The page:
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Journal of Gambling Studies

, Volume 26, Issue 1, pp 67–88 | Cite as

Impact of Mode of Display and Message Content of Responsible Gambling Signs for Electronic Gaming Machines on Regular Gamblers

  • Sally Monaghan
  • Alex Blaszczynski
Original Paper

Abstract

Harm-minimization strategies aim to reduce gambling-related risks; however, minimal evidence supports the effectiveness of current strategies involving the placement of warning signs in gambling venues and on electronic gaming machines (EGMs). This qualitative replication study evaluated the differential effect of pop-up messages compared to static signs and the content of messages on EGMs on recall, thoughts, and behaviors assessed during the session and at 2-week follow-up. In Study 1, 127 regular EGM gamblers (male = 97, mean age = 20.3) recruited from a university student population attended a laboratory where they were randomly assigned to play a computer-based simulated EGM analogue displaying signs that differed by (a) mode of presentation (pop-up and static) and (b) message content (informative, self-appraisal, and control/blank). In Study 2, an identical methodology was used but included the use of a simulated EGM within an in vivo gaming setting with 124 regular EGM players (male = 81, mean age = 44.1). Results from both studies showed that pop-up messages were recalled more effectively than static messages immediately and at 2-week follow-up. Pop-up messages reportedly had a significantly greater impact on within-session thoughts and behaviors. Messages encouraging self-appraisal resulted in significantly greater effect on self-reported thoughts and behaviors during both the experimental session and in subsequent EGM play. These findings support the effectiveness of pop-up messages containing self-appraisal messages as an appropriate harm-minimization initiative.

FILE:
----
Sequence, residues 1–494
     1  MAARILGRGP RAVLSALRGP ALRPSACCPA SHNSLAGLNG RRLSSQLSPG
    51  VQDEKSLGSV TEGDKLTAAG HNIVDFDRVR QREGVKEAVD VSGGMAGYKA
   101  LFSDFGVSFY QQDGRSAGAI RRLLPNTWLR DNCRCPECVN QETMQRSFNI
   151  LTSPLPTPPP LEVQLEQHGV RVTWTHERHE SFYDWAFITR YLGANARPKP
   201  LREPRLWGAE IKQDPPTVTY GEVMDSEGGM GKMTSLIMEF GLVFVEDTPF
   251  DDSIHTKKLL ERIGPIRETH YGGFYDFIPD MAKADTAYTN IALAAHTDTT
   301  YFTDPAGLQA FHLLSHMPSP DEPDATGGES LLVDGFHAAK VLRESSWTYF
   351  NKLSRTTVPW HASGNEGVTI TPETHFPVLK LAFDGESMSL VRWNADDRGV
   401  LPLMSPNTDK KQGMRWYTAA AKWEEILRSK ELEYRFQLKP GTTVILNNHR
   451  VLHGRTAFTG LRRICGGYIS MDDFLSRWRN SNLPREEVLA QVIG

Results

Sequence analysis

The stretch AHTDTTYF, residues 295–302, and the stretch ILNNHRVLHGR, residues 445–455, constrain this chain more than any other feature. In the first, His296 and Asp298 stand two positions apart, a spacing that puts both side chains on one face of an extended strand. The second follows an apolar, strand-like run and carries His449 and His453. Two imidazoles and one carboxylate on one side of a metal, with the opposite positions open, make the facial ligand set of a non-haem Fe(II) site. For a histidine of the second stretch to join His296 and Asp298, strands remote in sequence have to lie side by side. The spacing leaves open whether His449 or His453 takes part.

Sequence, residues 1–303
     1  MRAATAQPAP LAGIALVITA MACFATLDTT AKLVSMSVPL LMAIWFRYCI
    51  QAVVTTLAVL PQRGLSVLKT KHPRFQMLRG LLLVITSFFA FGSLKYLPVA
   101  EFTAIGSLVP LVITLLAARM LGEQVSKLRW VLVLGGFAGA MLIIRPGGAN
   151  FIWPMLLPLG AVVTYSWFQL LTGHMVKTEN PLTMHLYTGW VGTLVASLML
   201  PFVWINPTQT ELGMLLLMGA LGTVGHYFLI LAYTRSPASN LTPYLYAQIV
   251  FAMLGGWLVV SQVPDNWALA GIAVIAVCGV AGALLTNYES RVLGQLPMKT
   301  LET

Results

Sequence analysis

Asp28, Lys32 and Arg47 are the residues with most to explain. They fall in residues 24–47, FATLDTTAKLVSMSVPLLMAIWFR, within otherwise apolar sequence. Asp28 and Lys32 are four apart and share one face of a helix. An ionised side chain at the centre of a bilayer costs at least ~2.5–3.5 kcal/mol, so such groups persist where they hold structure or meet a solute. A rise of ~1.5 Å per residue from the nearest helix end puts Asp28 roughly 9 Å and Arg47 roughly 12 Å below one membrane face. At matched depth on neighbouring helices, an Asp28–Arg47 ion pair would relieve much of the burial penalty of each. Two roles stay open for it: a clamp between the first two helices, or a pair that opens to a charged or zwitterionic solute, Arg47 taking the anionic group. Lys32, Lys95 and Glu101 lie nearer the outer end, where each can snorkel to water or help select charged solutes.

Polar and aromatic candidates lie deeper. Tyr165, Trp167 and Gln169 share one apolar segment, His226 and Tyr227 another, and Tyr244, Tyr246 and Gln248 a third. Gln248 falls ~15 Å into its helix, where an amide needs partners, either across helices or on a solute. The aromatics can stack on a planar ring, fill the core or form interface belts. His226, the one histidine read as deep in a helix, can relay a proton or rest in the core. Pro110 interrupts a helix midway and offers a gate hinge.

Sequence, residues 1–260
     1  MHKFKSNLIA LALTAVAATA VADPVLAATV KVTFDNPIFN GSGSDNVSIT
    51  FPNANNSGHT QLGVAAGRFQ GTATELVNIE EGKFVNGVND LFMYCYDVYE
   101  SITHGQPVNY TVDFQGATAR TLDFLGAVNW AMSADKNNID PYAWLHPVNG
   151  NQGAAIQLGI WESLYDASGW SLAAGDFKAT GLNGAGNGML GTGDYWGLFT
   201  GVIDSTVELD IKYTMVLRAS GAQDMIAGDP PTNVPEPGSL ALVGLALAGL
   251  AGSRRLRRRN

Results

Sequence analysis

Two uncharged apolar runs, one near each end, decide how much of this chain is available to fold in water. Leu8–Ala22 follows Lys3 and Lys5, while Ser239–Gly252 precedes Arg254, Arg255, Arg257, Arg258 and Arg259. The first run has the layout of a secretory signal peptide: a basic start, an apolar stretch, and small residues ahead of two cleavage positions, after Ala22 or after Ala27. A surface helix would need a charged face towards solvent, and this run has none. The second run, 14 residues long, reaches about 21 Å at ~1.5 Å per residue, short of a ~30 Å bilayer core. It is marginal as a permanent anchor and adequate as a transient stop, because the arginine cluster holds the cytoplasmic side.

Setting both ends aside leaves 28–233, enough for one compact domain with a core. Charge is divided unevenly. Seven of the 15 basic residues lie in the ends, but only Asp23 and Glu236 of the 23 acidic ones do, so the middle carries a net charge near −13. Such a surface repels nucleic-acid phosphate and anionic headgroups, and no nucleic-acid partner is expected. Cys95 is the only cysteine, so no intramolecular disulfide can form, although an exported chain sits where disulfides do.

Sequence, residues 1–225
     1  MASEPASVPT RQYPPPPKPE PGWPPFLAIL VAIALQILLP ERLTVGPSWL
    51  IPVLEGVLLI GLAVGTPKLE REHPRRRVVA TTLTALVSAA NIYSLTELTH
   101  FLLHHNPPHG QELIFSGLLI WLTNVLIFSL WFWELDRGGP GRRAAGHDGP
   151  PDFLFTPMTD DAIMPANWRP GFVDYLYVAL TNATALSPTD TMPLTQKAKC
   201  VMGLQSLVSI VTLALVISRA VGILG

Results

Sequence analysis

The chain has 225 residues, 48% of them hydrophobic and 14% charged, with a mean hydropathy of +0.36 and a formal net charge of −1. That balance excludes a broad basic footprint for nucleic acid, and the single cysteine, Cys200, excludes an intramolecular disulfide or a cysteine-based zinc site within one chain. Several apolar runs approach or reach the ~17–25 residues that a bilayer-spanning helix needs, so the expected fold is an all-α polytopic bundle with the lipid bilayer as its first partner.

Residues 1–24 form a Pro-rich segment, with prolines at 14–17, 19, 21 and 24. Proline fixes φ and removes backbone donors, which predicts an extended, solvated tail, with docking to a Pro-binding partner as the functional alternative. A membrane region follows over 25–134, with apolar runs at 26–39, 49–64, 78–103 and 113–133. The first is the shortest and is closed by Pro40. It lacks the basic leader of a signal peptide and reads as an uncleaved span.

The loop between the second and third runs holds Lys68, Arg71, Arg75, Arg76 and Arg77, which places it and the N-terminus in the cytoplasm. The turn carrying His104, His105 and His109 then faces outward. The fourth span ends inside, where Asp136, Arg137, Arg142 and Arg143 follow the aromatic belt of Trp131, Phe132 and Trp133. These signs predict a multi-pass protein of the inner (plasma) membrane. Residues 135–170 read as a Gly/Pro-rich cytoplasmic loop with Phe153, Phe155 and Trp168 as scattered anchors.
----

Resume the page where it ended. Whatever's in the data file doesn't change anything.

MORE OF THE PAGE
Keywords

Responsible gambling Warning signs Electronic gaming machines Pop-up messages Problem gambling 

Notes

Acknowledgments

The authors would like to extend that thanks to Ross Ferrar and the Australian Gaming Machine Manufacturer’s Association (AGMMA), now know as Gambling Technologies Association (GTA) for their support of this research. Grateful thanks are also expressed to the Menzies Foundation for their support of the primary author through the award of the Sir Robert Menzies Allied Health Postgraduate Scholarship.

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Copyright information

© Springer Science+Business Media, LLC 2009

Authors and Affiliations

  1. 1.School of Psychology, The University of SydneySydneyAustralia

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